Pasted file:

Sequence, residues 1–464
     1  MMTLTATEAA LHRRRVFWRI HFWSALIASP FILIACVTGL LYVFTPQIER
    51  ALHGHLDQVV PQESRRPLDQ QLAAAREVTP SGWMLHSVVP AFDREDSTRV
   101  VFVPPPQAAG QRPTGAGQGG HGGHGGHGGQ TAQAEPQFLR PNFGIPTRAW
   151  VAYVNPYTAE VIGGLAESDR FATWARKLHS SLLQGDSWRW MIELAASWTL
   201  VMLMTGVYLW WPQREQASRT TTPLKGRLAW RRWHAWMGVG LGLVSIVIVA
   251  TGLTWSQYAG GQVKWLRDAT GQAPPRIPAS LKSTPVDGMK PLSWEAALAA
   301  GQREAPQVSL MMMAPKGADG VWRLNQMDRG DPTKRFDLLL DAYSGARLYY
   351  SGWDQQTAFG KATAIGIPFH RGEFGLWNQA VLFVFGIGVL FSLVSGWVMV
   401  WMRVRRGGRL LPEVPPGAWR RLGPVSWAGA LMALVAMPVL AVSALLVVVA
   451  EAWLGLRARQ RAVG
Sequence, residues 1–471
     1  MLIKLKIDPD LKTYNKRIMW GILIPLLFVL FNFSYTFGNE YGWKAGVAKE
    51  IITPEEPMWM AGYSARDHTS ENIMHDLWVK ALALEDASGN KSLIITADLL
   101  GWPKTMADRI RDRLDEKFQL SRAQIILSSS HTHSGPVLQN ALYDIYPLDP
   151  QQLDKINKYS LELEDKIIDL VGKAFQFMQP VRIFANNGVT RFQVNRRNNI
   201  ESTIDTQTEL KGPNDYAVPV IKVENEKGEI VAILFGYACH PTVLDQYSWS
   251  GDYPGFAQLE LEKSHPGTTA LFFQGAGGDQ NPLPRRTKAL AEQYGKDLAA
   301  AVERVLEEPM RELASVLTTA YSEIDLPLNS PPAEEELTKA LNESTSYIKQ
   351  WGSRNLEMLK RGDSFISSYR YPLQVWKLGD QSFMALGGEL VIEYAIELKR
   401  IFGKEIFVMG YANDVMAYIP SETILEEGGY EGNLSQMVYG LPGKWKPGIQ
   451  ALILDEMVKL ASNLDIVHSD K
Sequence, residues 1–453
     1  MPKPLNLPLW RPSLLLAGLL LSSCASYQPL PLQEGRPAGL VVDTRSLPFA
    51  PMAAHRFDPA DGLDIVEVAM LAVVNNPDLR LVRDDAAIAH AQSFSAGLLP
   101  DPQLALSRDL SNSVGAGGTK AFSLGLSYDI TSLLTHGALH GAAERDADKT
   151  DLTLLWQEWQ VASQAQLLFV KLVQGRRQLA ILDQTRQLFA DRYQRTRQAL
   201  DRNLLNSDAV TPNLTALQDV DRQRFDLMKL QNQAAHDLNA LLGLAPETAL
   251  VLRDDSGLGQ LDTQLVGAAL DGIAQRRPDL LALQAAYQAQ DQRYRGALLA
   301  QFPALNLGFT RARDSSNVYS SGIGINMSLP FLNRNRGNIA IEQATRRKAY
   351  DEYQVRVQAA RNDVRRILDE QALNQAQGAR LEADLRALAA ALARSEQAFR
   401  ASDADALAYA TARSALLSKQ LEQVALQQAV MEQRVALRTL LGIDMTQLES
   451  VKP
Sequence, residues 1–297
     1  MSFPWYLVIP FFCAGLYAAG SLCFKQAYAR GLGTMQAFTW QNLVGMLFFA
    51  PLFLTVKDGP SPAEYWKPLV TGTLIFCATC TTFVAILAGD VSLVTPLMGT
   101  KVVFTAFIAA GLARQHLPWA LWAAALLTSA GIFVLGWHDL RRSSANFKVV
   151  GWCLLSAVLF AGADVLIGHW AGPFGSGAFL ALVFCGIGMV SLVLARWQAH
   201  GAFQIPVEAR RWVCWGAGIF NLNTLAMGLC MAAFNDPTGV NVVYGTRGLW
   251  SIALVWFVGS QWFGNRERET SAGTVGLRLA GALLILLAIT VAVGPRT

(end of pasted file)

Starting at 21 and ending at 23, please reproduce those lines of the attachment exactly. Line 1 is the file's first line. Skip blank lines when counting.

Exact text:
   401  IFGKEIFVMG YANDVMAYIP SETILEEGGY EGNLSQMVYG LPGKWKPGIQ
   451  ALILDEMVKL ASNLDIVHSD K
Sequence, residues 1–453